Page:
Every so often, I stumble onto some relic of American medievalism that seems charming but inconsequential—until a bit of digging brings out something more.
Behold: “I dreamed I was a medieval maiden in my Maidenform bra,” an ad that ran in magazines in 1959 and 1960. (Click here to see it larger.) The ad is based on the late-15th-century “Lady and the Unicorn” tapestries designed in Paris, woven in Flanders, and now on display at the Musée National du Moyen Âge in Cluny. Five of the tapestries are devoted to the senses; a sixth tapestry has been variously interpreted.
Maidenform’s “I Dreamed…” campaign, which began in 1949 and ran for 20 years, was apparently so successful that it’s still studied in business schools. The other ads weren’t medievally themed, but they all showed a shirtless woman in some professional or historical setting. The “medieval maiden” ad stands out, though, for its fidelity to its source.
Place the ad and the tapestry side by side and you can see how little got removed (other than the maiden’s blouse).
The heraldic symbols on the banner (and on the unicorn’s little Thundershirt-shield) are intact, even though they’re meaningless now. The grimacing lion is gone; modern people might have have been distracted by him or found him comical. The woman no longer holds the unicorn’s horn but caresses it near its mouth. She’s also been decked out in a hat on loan, I would guess, from the neighborhood gnome.
Maidenform was determined to portray not just some fantasy scene, but a real and very specific medieval work. Why?
For one thing, the decade leading up to this ad was florid with chivalry, at least at the movies: Rogues of Sherwood Forest, Ivanhoe, Richard and the Crusaders, Knights of the Round Table, Prince Valiant, Lady Godiva, The Court Jester, Saint Joan, The Vikings, and at least two TV versions of A Connecticut Yankee. (With The Seventh Seal and The Virgin Spring, Ingmar Bergman cast a pall over these Technicolor revels, but he was an anomaly.) It’s no wonder that a couple years later, the press was quick to cast John F. Kennedy’s candidacy and presidency in terms of fair ladies and storybook heroes—even if there’d be no “Camelot” talk until after his assassination.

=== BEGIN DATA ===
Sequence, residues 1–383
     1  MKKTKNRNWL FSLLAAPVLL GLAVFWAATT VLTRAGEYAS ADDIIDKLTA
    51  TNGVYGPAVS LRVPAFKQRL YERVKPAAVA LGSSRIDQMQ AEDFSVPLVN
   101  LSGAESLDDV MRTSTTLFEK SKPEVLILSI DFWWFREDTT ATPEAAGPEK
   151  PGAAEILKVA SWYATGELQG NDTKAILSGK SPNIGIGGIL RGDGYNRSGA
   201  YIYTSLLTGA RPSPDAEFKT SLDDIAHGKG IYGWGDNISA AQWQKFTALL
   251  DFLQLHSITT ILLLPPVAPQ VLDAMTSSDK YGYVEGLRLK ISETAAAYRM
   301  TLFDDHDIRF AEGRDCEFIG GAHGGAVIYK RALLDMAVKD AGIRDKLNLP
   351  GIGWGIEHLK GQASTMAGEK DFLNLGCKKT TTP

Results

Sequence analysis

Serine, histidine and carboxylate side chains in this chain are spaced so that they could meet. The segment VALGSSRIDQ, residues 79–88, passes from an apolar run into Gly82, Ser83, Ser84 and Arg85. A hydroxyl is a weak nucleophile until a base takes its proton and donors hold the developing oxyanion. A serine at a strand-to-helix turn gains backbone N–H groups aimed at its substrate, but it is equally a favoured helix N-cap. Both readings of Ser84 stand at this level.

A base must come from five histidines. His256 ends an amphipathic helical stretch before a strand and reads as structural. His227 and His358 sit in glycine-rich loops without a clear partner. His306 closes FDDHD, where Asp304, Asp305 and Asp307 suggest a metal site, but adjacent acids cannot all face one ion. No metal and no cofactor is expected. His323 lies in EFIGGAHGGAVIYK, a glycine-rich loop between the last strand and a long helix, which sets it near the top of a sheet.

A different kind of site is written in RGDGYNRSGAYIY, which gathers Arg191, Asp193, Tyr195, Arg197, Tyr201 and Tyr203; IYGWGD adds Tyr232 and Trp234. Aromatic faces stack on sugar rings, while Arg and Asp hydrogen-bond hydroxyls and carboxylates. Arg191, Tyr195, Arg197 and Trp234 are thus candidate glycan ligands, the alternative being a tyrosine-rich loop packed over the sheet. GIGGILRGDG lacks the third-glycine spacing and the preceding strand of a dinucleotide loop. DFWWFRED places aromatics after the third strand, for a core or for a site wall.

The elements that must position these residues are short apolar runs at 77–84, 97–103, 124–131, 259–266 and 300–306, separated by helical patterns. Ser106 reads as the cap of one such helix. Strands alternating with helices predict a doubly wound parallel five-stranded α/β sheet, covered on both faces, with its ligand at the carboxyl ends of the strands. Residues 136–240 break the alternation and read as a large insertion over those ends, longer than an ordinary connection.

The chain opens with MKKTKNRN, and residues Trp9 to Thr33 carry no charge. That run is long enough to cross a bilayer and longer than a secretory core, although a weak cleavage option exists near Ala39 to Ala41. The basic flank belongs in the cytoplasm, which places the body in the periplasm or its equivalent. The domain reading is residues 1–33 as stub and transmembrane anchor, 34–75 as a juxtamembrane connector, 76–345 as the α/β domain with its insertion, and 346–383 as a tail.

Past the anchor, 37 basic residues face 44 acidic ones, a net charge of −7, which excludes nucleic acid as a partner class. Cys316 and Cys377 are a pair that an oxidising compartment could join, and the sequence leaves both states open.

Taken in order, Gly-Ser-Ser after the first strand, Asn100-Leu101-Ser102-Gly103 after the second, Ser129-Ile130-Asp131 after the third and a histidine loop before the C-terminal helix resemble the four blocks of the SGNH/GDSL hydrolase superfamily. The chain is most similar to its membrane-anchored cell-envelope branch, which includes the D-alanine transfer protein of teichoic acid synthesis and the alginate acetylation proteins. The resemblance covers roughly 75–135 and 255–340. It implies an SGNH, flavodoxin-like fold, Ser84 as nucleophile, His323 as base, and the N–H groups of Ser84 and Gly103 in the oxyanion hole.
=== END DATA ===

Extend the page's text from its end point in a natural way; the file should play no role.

But maybe the Maidenform maiden is more of a high-culture dream. At the end of the 1950s, tapestries were big news: A decade earlier, the Metropolitan Museum of Art had hosted a show about French tapestries from 1375 to the present, and in 1958 and 1959 the Cloisters made two major tapestry acquisitions. In 1959, the Philadelphia Museum of Art acquired several tapestries about the exploits of Constantine, while the Brooklyn Museum showed off Norwegian tapestries from the 16th through 18th centuries.
(…and curiously, the New York Times reported in May 1958 that sculptor Elbert Weinberg had installed a terra-cotta lady-and-unicorn in the lobby of 405 Park Avenue.)
In 1959, American medievalism was enjoying a sort of historicist autumn. Renaissance fairs were a few years off and Tolkienesque fantasy had yet to go mainstream, so when people thought of the Middle Ages, they imagined the tidy past they enjoyed in movies—and, apparently, in magazine ads. It took me only a few minutes to find several advertisements from 1958 to 1960 that make the Middle Ages look as pleasant as it did in the movies of the time.
Plymouth Gin evoked jousting to invite Americans to join an international band of drinkers, pharma giant Parke-Davis paid tribute to hospitals in 12th-century France, Chivas Regal reveled in Scottish heritage, and the Grant Pulley and Hardware Corporation, makers of sliding doors, assumed you would know what a “portcullis” was. The medieval people in these ads—knights, nurses, architects—set precedents, and served as examples.
When Austrian historian Herwig Wolfram considered American medievalism in the 1970s, he saw more than folly. “What might sometimes appear to a European as slightly comical is nevertheless an expression of astonishing vitality,” he wrote. “And what many a dry pedant might dismiss as low-brow is in reality a kind of learning experience on a level different from that to which most Europeans are accustomed.” Interweaving high and not-so-high culture, the Maidenform ad shows the mass appeal of America’s medieval dream, even if nobody’s heeding the small print: “The past was never quite this perfect!”